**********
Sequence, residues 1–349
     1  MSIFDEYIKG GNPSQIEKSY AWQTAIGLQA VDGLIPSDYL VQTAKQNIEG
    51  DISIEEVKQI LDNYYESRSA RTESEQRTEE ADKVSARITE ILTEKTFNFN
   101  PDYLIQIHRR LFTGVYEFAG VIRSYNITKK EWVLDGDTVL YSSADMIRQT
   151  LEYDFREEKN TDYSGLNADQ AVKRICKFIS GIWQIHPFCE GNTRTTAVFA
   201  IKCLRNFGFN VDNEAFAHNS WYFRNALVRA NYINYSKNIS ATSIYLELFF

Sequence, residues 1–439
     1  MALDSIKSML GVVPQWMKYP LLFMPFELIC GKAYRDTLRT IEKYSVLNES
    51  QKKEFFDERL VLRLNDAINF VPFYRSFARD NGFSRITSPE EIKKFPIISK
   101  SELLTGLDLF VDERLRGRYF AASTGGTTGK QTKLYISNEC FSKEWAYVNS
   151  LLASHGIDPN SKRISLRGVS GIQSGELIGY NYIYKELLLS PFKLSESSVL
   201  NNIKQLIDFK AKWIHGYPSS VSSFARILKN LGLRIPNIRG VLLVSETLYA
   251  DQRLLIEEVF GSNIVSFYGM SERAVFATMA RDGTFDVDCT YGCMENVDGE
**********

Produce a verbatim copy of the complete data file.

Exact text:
Sequence, residues 1–349
     1  MSIFDEYIKG GNPSQIEKSY AWQTAIGLQA VDGLIPSDYL VQTAKQNIEG
    51  DISIEEVKQI LDNYYESRSA RTESEQRTEE ADKVSARITE ILTEKTFNFN
   101  PDYLIQIHRR LFTGVYEFAG VIRSYNITKK EWVLDGDTVL YSSADMIRQT
   151  LEYDFREEKN TDYSGLNADQ AVKRICKFIS GIWQIHPFCE GNTRTTAVFA
   201  IKCLRNFGFN VDNEAFAHNS WYFRNALVRA NYINYSKNIS ATSIYLELFF

Sequence, residues 1–439
     1  MALDSIKSML GVVPQWMKYP LLFMPFELIC GKAYRDTLRT IEKYSVLNES
    51  QKKEFFDERL VLRLNDAINF VPFYRSFARD NGFSRITSPE EIKKFPIISK
   101  SELLTGLDLF VDERLRGRYF AASTGGTTGK QTKLYISNEC FSKEWAYVNS
   151  LLASHGIDPN SKRISLRGVS GIQSGELIGY NYIYKELLLS PFKLSESSVL
   201  NNIKQLIDFK AKWIHGYPSS VSSFARILKN LGLRIPNIRG VLLVSETLYA
   251  DQRLLIEEVF GSNIVSFYGM SERAVFATMA RDGTFDVDCT YGCMENVDGE